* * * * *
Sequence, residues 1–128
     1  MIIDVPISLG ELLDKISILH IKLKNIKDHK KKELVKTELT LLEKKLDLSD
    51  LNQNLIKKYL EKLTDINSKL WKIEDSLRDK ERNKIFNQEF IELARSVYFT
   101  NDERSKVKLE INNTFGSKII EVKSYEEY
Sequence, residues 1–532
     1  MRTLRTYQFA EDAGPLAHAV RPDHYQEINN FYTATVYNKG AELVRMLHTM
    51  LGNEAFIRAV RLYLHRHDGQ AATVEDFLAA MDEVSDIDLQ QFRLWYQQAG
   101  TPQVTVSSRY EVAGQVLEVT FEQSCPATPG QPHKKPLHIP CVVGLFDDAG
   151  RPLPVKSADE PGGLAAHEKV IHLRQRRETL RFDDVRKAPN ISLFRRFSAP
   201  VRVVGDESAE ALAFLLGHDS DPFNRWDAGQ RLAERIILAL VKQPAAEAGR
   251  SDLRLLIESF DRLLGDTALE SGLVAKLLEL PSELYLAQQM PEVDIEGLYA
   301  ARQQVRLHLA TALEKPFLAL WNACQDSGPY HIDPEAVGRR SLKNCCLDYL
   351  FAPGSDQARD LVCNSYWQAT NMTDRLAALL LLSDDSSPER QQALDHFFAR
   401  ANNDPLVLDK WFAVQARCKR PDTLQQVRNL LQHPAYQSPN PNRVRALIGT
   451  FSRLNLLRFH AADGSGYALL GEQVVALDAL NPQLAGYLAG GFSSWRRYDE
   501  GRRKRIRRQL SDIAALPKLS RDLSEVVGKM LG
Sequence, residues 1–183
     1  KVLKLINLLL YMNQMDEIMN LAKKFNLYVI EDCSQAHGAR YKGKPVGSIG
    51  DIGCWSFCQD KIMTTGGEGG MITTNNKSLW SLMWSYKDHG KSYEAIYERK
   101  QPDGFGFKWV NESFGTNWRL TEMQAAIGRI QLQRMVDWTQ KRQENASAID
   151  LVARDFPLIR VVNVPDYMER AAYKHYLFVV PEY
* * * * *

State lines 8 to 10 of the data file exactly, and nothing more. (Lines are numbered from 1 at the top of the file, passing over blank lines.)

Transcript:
   101  TPQVTVSSRY EVAGQVLEVT FEQSCPATPG QPHKKPLHIP CVVGLFDDAG
   151  RPLPVKSADE PGGLAAHEKV IHLRQRRETL RFDDVRKAPN ISLFRRFSAP
   201  VRVVGDESAE ALAFLLGHDS DPFNRWDAGQ RLAERIILAL VKQPAAEAGR